You keep waiting for something to happen, for the familiar contours of the melodrama to assert themselves and organize the material.
But they never do, which isn't beside the point, it is the point.
James Ivory's combined version of two famed Evan S. Connell novels ("Mrs. Bridge" in 1959 and "Mr. Bridge" in 1969) is a detailed, harsh but not completely disrespectful portrait of the // American upper middle class, Midwest version (Kansas City, Mo.) circa the late '30s and the early '40s. Clearly based on his own parents, Connell's two novels were too artful for cheap sanctimony, but they defined lives that while rich with duty and responsibility were intellectually arid and narrowed with prejudice.
That's exactly the tone Ivory achieves. He could have subverted Connell's vision by casting blowhards or show-offs; instead, with Paul Newman's flinty gravity and Joanne Woodward's good-hearted spaciness, the characters are fundamentally attractive, and the movie begins with the strong suggestion that whomever these people turn out to be, they will matter.
Walter is a shrewd attorney, hard working but rigid as old iron. This gent is your original WASP robot; when he dies, to borrow and twist a Dorothy Parker line, nobody will be able to tell. Yet Connell, screenwriter Ruth Prawer Jhabvala and Newman himself imagine Walter whole: He's a man with an inner life, no matter how circumscribed, and he is not incapable of doing good; he just doesn't want a big deal made of it (he doesn't want a big deal made of anything.)
For example, he has weird sexual impulses: A glimpse of his daughter's flesh creates a desire in him he cannot name or acknowledge but he instantly seizes his astonished wife and makes love to her; it's the only time he moves fast. Yet when it transpires that his secretary is in love with him and would be willing to have an affair, he simply cannot imagine such a thing. It is beyond his universe.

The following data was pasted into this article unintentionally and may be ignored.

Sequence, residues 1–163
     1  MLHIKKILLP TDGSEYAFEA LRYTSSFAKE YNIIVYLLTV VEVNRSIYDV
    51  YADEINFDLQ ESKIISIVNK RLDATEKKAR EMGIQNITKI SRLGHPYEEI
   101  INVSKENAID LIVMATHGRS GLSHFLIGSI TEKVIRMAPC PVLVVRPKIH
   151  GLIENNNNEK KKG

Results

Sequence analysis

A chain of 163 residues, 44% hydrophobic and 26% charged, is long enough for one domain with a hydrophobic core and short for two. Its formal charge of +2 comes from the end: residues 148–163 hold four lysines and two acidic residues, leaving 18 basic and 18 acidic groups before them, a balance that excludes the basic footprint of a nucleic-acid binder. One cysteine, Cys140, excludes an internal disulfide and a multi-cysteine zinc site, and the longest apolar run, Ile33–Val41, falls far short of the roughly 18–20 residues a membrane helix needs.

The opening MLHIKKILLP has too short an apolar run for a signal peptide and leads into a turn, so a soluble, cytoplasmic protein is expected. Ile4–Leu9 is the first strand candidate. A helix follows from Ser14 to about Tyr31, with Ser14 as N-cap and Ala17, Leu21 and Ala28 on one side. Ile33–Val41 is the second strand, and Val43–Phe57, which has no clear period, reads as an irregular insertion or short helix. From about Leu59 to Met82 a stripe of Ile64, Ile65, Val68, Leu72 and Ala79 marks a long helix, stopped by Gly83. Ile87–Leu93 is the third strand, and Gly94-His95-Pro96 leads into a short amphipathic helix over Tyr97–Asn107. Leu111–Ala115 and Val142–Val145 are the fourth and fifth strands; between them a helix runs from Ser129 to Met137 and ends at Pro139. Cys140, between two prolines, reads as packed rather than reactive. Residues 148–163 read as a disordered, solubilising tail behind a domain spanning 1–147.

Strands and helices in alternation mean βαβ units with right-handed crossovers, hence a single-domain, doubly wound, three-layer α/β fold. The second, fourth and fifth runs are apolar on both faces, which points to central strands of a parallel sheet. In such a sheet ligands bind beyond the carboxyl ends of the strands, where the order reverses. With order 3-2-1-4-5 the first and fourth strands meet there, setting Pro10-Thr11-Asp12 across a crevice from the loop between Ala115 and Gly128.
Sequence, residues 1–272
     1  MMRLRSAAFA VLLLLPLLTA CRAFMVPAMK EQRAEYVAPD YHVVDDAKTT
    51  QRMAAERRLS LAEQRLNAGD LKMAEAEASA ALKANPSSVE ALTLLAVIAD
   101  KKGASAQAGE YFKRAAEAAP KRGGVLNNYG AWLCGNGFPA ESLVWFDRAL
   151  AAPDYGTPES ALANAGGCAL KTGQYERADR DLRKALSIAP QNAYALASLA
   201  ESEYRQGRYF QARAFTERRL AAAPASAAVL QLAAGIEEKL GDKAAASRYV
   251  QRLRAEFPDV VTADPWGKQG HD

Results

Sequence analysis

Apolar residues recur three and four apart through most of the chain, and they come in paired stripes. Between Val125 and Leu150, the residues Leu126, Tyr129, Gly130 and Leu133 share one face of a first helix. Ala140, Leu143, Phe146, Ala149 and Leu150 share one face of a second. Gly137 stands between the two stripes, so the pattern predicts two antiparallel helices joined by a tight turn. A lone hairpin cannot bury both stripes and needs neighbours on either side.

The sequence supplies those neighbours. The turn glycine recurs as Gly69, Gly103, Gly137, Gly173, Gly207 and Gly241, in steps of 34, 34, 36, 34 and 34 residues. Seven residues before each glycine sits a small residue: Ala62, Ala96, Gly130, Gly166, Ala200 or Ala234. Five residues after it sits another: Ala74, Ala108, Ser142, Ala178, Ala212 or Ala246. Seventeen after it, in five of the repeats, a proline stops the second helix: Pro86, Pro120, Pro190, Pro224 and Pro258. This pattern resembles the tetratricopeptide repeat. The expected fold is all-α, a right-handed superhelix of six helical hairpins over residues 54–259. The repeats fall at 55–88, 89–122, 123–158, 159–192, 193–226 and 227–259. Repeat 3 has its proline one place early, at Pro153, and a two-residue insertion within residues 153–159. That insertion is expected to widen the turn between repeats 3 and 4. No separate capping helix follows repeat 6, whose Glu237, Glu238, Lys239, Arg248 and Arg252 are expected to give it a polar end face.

His natural state is denial -- of self, of emotion, of progeny, of nature. At one point, he refuses to acknowledge a tornado that is beating at the door. In another, he stiff-necks it through Europe without seeming to even notice that they talk different over there. Yet as sealed and distant as he is, he is still in some inchoate way essential. His stern stuff is unlovable and forbidding but Connell and Ivory and Newman et al somehow understand and communicate that his is the back upon which rests the republic, and they have contempt for those who would too easily dismiss the Walter Bridges of the culture.
India Bridge is more lovable yet also more dismissible. If she had a brain, she put it high on Walter's closet shelf years ago and forgot all about it. She's repressed her personality until she's nothing but the spirit of her husband's whimsy: He is her universe, alpha to omega, and Joanne Woodward gets her feathery ditherings absolutely perfect.
The film progresses by anecdote rather than narrative, gradually acquiring details until the Bridges are as real as the theater; but, being anti-dramatic, it cannot quite satisfy on the level of story. You wait for the Big Revelation and suddenly you notice the movie's been over for half an hour. It's as if you haven't been to the movies at all; you've been visiting distant relatives, and how nice it is to be on the way home.
'Mr. and Mrs. Bridge'
Starring Paul Newman and Joanne Woodward.
Directed by James Ivory.
Released by Miramax.